The New Indian Express carries an interesting overview of what everyone expects to be a new phase in journalism in Chennai, by Aditya Sinha. The neo-liberal shift in most industries has affected journalism in India and there is a crisis of identity for many newspapers, as they chase advertising and reinvent their editorial approaches. As Mr. Sinha puts it rightly, to survive in such a homogenised environment and to carve an identity for oneself in a sea of fluff is a difficult task.
To his credit, he goes back to the roots of Indian print journalism and tries to imagine a future that is actually rooted in tested — and universally applicable values that were nurtured in the pre-liberalisation era. That value comes from speaking up for the average citizen, resisting the pressure of authority, exposing corruption, communalism and many notorious isms that have flourished like cancer in our cash-rich corridors of power and influence. If indeed a paper is able to adhere to this philosophy, it will earn the goodwill of the reader and ensure its continued good health.
Print journalism is actually in an advantageous position vis-a-vis other media today, if it can retain its fundamental public service ethos. News television has plunged headlong into a ratings war, either looking for the shocking story that can be captured on camera with silly talking heads adding to the noise, or inventing new awards to be conferred on the leading lights of the day who wield influence in politics, business, entertainment and perhaps sport (all of which ensure direct and indirect earnings through carefully crafted advertising deals; these awards care less about science, medicine, public service and other less glamorous pursuits). Print, by contrast, can be sober, cool, very accountable and completely devastating by presenting facts that stare severely at crooks.
What is more, the power of the Internet can take the brilliant journalism that print has always been known for, to audiences far and wide. There studies such as Eyetrack by the Poynter Institute to enhance the visual impact of news websites. The sterling record of print is further enhanced by the vibrant blogosphere, where the good is broadcast to many millions, and the bad is deservedly rubbished. John Naughton, Professor of the Public Understanding of Technology at the UK Open University and a doyen of journalists at Wolfson College, Cambridge, analyses the evolving media landscape in an article in Wolfson’s most recent issue of its annual magazine.
Investigative journalism, in my view, is what distinguished print journalism everywhere. It continues to keep some journals head and shoulders above the Murdochian trash that is dressed up and pushed by many television channels. A return to investigation is what we need. It would be very arrogant for the press to conclude that Indian audiences have lost the taste for good journalism and that they care more for superficial concerns of the day; or that the rights of the less affluent do not matter to the high consuming middle class. Television has decided to treat everyone as dumb and passive recipients, staging artificial debates and building up self-important anchors rather than adopt a detached perspective towards people and events.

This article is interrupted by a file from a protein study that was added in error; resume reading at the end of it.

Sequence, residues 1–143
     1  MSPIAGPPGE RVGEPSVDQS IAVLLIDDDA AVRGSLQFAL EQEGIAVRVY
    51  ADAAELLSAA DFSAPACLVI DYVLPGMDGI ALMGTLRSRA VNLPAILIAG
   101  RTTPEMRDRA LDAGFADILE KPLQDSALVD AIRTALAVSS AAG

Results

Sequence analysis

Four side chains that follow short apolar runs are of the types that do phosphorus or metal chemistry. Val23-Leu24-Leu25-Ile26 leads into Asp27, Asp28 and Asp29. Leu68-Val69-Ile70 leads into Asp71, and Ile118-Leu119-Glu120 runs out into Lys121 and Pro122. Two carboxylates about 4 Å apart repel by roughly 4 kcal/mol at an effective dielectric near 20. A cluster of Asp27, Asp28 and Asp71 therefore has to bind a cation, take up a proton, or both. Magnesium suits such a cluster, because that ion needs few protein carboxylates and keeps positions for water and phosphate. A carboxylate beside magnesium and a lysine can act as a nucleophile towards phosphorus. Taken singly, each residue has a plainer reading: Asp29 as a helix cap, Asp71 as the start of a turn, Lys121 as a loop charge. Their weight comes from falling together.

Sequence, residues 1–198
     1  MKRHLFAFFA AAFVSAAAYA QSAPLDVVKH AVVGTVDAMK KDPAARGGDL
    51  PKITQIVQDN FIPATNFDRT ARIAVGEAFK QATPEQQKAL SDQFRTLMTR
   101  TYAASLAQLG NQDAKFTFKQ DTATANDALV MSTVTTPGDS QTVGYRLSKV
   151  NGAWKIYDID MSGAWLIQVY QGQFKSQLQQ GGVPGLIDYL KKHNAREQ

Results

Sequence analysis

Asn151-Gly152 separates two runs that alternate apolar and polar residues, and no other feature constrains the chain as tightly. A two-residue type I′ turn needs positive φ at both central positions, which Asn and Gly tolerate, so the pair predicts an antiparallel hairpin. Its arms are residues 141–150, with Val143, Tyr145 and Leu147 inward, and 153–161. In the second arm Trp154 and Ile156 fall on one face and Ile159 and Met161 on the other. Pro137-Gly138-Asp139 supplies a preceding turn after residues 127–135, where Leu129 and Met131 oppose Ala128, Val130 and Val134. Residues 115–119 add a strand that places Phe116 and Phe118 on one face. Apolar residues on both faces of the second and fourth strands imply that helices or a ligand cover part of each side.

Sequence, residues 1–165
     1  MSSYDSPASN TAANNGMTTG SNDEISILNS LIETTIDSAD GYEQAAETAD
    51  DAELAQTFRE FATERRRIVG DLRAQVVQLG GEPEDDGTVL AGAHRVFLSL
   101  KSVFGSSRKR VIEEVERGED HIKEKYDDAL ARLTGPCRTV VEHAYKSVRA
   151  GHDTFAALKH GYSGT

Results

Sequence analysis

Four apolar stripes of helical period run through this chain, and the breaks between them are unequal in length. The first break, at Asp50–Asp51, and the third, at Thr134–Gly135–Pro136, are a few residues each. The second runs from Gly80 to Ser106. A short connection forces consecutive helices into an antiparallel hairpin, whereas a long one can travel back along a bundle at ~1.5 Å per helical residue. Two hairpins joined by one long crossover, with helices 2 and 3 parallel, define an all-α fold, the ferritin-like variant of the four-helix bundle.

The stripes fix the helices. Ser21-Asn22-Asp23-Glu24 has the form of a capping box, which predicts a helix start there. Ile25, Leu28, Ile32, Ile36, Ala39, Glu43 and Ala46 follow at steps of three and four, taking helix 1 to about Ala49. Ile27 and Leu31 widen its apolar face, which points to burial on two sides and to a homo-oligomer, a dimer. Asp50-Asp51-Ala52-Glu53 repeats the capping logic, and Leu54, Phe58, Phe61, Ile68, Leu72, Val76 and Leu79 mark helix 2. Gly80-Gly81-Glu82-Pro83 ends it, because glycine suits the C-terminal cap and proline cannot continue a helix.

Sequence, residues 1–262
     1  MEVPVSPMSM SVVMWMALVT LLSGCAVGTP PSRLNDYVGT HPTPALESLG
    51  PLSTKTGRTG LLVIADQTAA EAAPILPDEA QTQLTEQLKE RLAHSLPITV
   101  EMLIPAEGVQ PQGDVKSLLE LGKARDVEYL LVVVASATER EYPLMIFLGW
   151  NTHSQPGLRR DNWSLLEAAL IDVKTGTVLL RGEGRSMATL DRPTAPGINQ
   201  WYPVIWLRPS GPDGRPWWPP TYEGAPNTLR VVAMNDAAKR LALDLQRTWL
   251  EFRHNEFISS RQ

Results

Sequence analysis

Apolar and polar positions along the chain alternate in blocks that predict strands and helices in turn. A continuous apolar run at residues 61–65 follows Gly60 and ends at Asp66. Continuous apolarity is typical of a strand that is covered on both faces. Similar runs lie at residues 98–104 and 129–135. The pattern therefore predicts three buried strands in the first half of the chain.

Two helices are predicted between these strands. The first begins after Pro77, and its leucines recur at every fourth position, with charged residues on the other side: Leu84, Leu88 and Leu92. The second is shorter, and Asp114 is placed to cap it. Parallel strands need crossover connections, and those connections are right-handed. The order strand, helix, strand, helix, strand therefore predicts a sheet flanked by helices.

No one will argue against newspapers acquiring a sound financial footing in order to maintain their independence. That will help them pay their staff sufficiently (although journalism is not a profession for wealth-seekers by its very goal) and equally important, spend more on newsgathering. Ideally, building a corpus with contributions from readers and insulating themselves against all pressures, including those from advertisers would be the best way to go.
All of which brings us to the question of the environment in which journalists work today. Technology has evolved to a point when even video communication is instantaneous and in real time. Mobile phones are now powerful tools that don’t merely communicate, but record evidence with sound and images. The World Wide Web presents credible sources, including original documents, for background, data and analysis. The law is genuinely helpful. The Right to Information Act 2005 is perhaps one of the most powerfuls laws ever to be available to the press in India. It is second only to the strong interpretations of press freedoms by the Supreme Court in the context of fundamental rights.
At the moment, many crooks in political parties are using the law to settle personal scores for nothing loftier than the ability to hobble their opponents. The media, which should be using the Act to expose all crooks is strangely silent about it. Not many journalists even know what the law can do and others have less than a foggy idea of how to use it. For them to practice a more vibrant kind of print journalism, the kind that Mr. Sinha envisages for his paper, managements should be devoting themselves to infusing confidence among their journalists and teaching them how to use it. Those that hesitate to take on authority, and find merit only in the advertising market, have chosen to move to the shade.